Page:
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University of Wyoming Extension

College of Agriculture and Natural Resources

Water Quality for Wyoming Livestock and Wildlife

pH Summary

Existing human drinking water standards (pH 6.5-8.5) were established decades ago for aesthetic reasons (especially taste) and to protect plumbing from corrosion, rather than upon health-based criteria.392,408 Although a number of Cooperative Extension Service Web sites suggest water below this range will produce pathologic acidosis in cattle, none we examined offered hard evidence. Nor were we able to find any references to direct health effects of moderately acidic or basic water in animals. There are a number of references to the beneficial effects of acidifying laboratory animal and swine water with mineral acids to pH 3. The only adverse effects in these reports were relatively subtle and occurred at pH < 3.0. The only example of feeding a pure mineral acid to ruminants (equivalent to approximately pH 2-3) resulted in acidified urine, but there were no adverse health effects over a several week period. There is no equivalent data 33 for basic drinking water. From a purely pathophysiological standpoint, it seems unlikely that water with a pH between 3.0 and 7.0 would cause health problems in otherwise normally managed animals. An exception might be feedlot ruminants, which are often marginally acidotic as a metabolic consequence of the high soluble carbohydrate rations they receive. In this case, acid water might be sufficient to trigger a crisis.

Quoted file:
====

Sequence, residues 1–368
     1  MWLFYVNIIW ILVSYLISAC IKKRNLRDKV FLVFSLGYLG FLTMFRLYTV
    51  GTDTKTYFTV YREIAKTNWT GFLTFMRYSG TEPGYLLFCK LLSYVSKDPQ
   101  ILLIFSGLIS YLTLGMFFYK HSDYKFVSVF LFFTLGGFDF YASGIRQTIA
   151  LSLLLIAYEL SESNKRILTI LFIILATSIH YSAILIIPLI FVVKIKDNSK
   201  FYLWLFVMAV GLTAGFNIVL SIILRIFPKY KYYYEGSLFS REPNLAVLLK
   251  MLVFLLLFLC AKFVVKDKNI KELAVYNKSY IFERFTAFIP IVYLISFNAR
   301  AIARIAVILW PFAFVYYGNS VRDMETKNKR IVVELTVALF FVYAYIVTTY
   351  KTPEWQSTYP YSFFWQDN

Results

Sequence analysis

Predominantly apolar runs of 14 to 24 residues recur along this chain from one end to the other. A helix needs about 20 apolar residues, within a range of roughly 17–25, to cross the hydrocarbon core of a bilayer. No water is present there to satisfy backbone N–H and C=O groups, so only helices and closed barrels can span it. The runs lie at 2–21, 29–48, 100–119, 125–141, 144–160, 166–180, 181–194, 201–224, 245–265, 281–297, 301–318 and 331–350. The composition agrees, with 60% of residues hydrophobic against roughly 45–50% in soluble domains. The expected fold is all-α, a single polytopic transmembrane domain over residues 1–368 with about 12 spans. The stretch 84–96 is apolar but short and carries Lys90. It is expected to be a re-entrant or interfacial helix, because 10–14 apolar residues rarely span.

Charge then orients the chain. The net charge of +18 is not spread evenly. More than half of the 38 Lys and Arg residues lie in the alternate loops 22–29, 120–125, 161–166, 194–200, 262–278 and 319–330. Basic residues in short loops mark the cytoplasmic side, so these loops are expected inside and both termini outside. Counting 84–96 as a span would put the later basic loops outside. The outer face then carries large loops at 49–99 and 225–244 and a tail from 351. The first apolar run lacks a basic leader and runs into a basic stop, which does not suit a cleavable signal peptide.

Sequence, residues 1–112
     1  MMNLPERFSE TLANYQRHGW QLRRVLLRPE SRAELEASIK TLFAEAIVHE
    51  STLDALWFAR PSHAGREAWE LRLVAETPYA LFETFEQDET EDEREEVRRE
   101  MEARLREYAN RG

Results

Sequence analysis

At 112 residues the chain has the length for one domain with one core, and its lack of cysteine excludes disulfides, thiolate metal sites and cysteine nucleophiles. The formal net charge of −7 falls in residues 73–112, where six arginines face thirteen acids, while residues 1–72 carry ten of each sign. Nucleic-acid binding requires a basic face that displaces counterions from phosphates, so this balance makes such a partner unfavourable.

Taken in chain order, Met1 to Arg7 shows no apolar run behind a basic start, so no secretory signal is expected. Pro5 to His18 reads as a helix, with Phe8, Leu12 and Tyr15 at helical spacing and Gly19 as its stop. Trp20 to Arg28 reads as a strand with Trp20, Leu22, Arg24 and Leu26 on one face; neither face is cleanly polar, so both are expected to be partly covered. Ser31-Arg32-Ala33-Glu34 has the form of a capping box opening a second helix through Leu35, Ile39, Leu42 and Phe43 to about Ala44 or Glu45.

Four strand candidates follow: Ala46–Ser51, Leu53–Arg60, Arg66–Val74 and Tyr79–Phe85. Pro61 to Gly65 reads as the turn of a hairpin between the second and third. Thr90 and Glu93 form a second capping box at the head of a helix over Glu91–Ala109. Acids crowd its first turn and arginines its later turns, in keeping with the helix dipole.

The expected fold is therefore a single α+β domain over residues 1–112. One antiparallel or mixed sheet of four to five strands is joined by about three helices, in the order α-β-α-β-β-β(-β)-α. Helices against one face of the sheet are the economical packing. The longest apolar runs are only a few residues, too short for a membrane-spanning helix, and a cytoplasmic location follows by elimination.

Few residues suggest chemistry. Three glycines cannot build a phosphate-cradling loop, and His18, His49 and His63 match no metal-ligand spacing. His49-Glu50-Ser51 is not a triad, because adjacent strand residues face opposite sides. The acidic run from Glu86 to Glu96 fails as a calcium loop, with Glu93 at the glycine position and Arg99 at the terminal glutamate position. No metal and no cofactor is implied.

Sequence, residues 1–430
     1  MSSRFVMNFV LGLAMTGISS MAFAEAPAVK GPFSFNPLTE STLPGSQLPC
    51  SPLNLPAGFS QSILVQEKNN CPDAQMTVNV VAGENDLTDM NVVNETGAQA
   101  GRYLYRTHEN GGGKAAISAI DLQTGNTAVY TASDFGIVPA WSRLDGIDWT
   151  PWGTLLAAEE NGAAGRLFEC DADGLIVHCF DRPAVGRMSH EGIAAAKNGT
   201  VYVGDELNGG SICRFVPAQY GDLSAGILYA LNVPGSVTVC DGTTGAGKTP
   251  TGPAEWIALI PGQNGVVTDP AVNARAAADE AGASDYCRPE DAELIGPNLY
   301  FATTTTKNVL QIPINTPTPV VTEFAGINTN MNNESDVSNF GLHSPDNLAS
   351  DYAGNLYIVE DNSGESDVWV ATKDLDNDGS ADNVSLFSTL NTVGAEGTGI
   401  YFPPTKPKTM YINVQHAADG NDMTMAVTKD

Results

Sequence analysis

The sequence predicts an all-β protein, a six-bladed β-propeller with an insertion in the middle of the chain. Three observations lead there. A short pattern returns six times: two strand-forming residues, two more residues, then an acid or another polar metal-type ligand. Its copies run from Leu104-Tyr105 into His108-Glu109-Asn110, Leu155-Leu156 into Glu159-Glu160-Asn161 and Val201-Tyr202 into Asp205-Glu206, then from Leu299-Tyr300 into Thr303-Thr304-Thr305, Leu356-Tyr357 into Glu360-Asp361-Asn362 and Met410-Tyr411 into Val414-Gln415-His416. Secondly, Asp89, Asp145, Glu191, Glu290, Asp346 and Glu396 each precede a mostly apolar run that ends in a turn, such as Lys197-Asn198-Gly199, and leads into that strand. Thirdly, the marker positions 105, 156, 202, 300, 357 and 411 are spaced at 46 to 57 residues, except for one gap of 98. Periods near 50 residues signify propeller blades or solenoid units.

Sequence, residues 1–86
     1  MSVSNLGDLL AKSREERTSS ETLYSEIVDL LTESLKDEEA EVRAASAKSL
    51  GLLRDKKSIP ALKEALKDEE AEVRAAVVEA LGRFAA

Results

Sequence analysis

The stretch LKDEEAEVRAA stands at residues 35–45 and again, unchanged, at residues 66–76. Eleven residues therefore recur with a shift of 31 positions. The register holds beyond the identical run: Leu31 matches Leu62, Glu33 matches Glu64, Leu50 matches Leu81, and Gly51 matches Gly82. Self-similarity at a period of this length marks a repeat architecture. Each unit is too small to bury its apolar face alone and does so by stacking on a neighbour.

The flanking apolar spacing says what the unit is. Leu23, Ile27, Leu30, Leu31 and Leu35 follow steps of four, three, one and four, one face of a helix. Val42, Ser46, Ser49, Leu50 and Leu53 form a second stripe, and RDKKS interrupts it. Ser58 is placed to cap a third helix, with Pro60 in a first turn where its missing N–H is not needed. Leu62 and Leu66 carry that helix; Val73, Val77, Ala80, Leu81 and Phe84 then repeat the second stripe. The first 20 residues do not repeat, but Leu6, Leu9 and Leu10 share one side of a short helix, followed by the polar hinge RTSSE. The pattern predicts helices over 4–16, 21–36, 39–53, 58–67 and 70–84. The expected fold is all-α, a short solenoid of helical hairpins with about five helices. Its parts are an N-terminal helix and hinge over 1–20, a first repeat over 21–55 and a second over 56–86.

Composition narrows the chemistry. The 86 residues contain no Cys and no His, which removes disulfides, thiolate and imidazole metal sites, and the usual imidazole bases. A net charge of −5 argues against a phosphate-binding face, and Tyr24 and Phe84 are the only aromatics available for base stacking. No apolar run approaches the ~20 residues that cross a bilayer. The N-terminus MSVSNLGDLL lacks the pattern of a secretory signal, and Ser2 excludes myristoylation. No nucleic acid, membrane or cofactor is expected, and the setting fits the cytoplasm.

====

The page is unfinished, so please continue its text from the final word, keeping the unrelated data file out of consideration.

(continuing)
The other potential adverse effects of basic or acidic water involve mobilization of potentially toxic substances (e.g. metals) from plumbing or soils. While it seems unlikely the amounts mobilized would be sufficient to actually cause poisoning under most conditions, it is quite probable they would be large enough to cause water refusal. Because the effect of any given pH on palatability depends upon what the water contacts, there is no way to make any wide-reaching recommendation in this regard.

We suspect the commonly touted acceptable ranges for drinking water pH (a low of 5.5-6.5 and a high of 7.5-9.0) are excessively conservative from a strictly animal health standpoint, at least on the acid side, but there are not sufficient experimental and/or clinical data to offer a specific alternative.

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